Tim and I have never been out to a restaurant on Valentine’s day. Well, not unless you count lunch at McDonalds 3 years ago – it was an emergency and there really was nowhere else. Instead, we take turns to cook the other person an amazing meal. We both enjoy cooking, and like a good challenge. Over the 5 years we have been together, our menu has included lobster, steak and chocolate torte. This year, it was my turn to cook.
Starter: Comte and Leek Souffle
I had not made a souffle before, so this was a good challenge for me. It was actually much easier than I anticipated! This made 4 portions in ramekins.
60g unsalted butter
75g leeks , white part only, sliced
40g plain flour
70g Comte cheese, grated finely
1 tsp Dijon mustard
1 tsp chopped fresh thyme leaves
3 eggs, separated
1. Pre-heat the oven to 180C
2. Grease the ramekin dishes with butter.
3. Melt 20g of the butter in a saucepan and add the leeks. Cook gently until very soft.
4. Melt the remaining butter in a saucepan. When melted, add the flour and whisk the mixture. Add the milk slowly, whisking all the time to avoid lumps. Cook for at least a further 5 minutes. It will be a very thick sauce. Add the cheese and stir thoroughly.
5. Let the mixture cool slightly while you whisk the egg whites into stiff peaks in a separate bowl.
6. Add the egg yolks, thyme leaves and mustard to the cheese mixture.
7. Fold one spoonful of egg whites into the cheese mixture to slacken it, then fold the cheese mixture into the beaten egg whites.
8. Divide the mixture between 4 ramekin dishes, and place the ramekins into a roasting tin. Run your finger around the edge of the mixture. Somehow this makes it rise up neatly.
9.Fill the roasting tin with boiling water so that it comes to about half way up the ramekin dish.
10. Bake for approximately 18 minutes. Serve immediately.
Main Course: Venison with sweet and sour parsnip, celeriac puree and kale
2 x 225g venison loins
20 juniper berries
110g caster sugar
110fl oz red wine vinegar
1 parsnip, peeled, sliced into ribbons using a speed peeler
100ml double cream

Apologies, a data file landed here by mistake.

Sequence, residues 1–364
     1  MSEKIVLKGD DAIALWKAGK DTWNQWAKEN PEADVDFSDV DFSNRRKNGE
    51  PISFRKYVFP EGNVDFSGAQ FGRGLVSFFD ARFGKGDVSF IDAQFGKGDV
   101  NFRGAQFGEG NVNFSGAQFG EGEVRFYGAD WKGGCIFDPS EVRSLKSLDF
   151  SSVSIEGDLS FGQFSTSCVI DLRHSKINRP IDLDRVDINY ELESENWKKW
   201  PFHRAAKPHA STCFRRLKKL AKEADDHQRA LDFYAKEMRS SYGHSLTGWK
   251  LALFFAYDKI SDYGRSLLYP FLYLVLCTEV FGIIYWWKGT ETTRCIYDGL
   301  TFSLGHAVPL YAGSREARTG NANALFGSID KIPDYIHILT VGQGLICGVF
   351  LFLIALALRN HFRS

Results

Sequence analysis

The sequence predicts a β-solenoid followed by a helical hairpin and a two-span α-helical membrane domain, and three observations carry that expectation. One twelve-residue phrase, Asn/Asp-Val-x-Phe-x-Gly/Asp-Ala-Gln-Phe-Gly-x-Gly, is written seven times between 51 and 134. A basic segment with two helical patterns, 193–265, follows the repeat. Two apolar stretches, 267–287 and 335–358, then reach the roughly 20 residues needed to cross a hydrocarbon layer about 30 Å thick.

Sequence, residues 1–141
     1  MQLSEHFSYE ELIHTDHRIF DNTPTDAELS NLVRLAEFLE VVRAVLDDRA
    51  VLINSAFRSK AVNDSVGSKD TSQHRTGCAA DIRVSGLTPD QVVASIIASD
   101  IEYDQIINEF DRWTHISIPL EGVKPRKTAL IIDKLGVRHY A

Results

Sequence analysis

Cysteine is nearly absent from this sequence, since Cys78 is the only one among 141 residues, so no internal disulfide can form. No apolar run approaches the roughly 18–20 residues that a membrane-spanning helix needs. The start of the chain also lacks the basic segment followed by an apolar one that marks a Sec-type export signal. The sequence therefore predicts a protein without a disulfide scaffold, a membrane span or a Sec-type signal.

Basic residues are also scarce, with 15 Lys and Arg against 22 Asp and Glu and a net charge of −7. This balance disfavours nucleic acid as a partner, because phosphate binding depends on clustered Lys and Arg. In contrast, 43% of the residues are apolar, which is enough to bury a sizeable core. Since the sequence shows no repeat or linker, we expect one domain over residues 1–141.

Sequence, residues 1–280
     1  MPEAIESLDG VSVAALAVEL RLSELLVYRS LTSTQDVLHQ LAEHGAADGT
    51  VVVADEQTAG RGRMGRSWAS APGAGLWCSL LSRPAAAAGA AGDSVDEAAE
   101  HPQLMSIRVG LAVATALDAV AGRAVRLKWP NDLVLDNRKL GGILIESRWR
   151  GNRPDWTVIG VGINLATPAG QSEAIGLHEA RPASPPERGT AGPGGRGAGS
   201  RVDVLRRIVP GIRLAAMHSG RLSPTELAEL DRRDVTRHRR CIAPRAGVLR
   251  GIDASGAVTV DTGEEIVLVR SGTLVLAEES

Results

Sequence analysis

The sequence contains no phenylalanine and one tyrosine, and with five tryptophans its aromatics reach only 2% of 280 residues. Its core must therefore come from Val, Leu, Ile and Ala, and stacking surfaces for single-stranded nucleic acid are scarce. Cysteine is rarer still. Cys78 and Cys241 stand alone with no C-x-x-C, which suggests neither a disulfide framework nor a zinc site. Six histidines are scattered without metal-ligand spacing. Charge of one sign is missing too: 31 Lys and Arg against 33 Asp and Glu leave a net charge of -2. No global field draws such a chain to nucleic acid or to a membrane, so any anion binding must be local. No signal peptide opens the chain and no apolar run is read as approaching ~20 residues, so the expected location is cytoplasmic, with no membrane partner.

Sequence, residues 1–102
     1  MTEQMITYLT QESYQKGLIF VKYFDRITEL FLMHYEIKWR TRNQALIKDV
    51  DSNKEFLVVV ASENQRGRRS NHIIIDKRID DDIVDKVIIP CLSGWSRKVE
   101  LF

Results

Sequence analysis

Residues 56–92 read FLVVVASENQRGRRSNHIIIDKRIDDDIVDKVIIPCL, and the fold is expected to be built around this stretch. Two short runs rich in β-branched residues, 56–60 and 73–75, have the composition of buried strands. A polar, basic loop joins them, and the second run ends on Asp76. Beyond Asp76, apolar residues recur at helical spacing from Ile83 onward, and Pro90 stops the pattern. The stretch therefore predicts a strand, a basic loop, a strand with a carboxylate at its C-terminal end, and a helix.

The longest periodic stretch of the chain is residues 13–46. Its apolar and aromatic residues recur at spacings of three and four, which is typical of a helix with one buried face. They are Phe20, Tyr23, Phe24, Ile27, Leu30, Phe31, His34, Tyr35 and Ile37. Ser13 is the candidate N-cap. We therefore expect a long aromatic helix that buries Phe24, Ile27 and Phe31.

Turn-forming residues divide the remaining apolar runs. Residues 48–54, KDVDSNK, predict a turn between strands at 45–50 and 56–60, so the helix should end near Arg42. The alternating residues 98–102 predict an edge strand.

200g/7oz kale, washed thoroughly, tough stalks removed
1 pear, peeled and thinly sliced
- Using a pestle and mortar, grind the juniper berries down finely.
- Season the venison loins all over with freshly ground black pepper and some of the ground juniper berries.
- Roll each seasoned venison loins tightly in heatproof cling film to form two sausages.
- Bring a saucepan of water to the boil, then reduce the heat until the water is simmering at roughly 65C/150F (use a thermometer to check the temperature).
- Add the wrapped venison loins, then return the water to 65C/150F and simmer for 15 minutes.
- Peel the celeriac and cut into 2cm chunks. Cover with cold water and bring to the boil. Simmer for 10 minutes.
- Bring the sugar and vinegar to the boil into a non-reactive saucepan, then add the remaining ground juniper berries and cook, stirring regularly, until the mixture has thickened enough to coat the back of the spoon.
- Add the parsnip ribbons, in batches if necessary, and boil for 5-10 minutes, or until tender. Remove from the poaching liquid, shake off any excess liquid, and set aside. Keep warm. Repeat the process with the remaining parsnip ribbons, if necessary.
- Remove the poached venison loins from the water, remove the cling film and set aside.
- Meanwhile, heat a frying pan over a medium to high until hot, then add half of the butter. When the butter is foaming, add the poached venison and fry for 30-45 seconds on each side, or until just browned all over. Remove from the pan and rest for five minutes.
- Put the kale into a saucepan and cover with boiling water. Cook for 5 minutes, until tender.
- Drain the celeriac and put it into a blender. Add the cream and puree until smooth.
To serve, place a line of puree down the centre of the plate. Place slices of the pear on one side. Carve the venison into an odd number of slices and place on top of the puree. Top with the parsnip. Place the kale on the other side of the plate. Serve with red wine gravy.
Dessert: Orange Panna Cotta with Roasted Rhubarb
The recipe for this can be found here: http://www.bbc.co.uk/food/recipes/orange_panna_cotta_with_25558
I used normal oranges as blood oranges were not available, but did everything else as directed.
One of the best things about this dessert was the fact that it can be mostly made in advance. I just put the rhubarb in the oven when I served the main course, and it was perfect.